At the heart of Ali Sethi's debut novel is a tale of transgressive love in which the protagonist tries to help his cousin to win over the boy of her fantasies. On this slender peg Sethi hangs a series of portraits of people's lives over the years, centring on
The novel opens with the young Zaki Shirazi returning from a
We learn of the journeys of the
Details and anecdotes abound throughout, in step with a succession of effective set pieces. Sethi’s prose is full of quick, glancing observations even though the occasional choppiness of style becomes, after a while, more of an affectation than anything else.
It becomes clear soon enough that The Wish Maker is a nostalgist’s map of
The Wish Maker doesn’t restrict itself to portraying an upper middle class lifestyle; the cast of characters is carefully chosen to touch upon various shades, from the feudalism of the provinces to the upward striving of the middle class to the decadence and cynicism of the affluent. This all-encompassing approach may seem like a strength because of the ambitious, almost Tolstoyan,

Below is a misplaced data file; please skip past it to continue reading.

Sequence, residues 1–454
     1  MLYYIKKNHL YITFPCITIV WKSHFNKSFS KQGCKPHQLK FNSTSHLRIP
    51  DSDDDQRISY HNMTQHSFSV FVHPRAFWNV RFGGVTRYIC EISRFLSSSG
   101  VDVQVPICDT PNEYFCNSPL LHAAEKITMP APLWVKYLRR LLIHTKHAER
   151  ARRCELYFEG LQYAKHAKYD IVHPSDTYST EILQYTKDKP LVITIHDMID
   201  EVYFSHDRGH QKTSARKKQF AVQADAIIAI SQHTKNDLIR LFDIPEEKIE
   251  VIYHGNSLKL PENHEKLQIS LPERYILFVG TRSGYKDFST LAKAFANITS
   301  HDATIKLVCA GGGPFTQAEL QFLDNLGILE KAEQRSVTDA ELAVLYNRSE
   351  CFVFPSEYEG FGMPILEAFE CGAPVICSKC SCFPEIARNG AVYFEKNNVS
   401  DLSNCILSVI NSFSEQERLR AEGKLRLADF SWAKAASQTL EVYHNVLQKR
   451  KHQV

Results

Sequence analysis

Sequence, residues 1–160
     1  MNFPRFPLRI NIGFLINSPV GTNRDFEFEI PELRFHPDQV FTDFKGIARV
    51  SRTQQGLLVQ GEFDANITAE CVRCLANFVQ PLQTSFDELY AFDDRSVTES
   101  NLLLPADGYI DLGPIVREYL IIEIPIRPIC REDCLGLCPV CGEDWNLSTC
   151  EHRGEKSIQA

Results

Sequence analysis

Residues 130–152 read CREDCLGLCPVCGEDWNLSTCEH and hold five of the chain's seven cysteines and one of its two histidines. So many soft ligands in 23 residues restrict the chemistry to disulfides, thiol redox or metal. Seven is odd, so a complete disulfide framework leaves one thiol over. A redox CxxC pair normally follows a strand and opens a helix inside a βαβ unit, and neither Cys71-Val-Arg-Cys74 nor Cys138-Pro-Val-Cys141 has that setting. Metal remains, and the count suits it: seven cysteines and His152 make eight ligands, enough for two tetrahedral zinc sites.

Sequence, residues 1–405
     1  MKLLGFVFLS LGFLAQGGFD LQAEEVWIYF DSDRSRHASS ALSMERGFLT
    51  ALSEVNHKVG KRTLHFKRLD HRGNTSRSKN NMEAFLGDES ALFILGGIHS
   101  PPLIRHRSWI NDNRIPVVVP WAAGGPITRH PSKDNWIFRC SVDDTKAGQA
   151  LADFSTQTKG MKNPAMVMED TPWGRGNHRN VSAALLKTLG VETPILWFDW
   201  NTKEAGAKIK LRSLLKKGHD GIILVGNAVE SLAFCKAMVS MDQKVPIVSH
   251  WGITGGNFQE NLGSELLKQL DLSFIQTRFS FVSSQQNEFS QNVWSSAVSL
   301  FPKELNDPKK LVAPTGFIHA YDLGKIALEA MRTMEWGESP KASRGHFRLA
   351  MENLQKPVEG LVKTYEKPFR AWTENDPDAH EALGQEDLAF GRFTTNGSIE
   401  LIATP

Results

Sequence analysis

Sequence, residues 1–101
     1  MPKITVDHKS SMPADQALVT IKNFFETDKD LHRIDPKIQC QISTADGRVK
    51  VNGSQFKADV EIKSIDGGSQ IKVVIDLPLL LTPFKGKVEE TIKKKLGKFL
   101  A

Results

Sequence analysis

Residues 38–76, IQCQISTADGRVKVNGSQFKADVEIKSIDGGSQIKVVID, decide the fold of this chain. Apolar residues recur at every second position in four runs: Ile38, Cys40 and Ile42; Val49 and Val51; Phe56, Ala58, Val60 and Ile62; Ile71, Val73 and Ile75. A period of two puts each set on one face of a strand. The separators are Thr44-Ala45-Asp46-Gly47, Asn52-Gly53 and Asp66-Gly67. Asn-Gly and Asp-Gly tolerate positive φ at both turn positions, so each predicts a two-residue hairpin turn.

Another quality that drains the novel of vitality is that Zaki, as a protagonist, is more acted upon than willing to act. Indeed, we have little sense of him as an independent agent, as his growing years are almost wholly defined by his relationships. Since many sections of the novel are told from his first-person point of view, the inevitable outcome of this submissiveness is a degree of narrative languor. Samar Api, the
Like the improvised time capsule that Zaki and his schoolmate bury in his backyard, The Wish Maker is chock-full of bits and pieces that are redolent of life in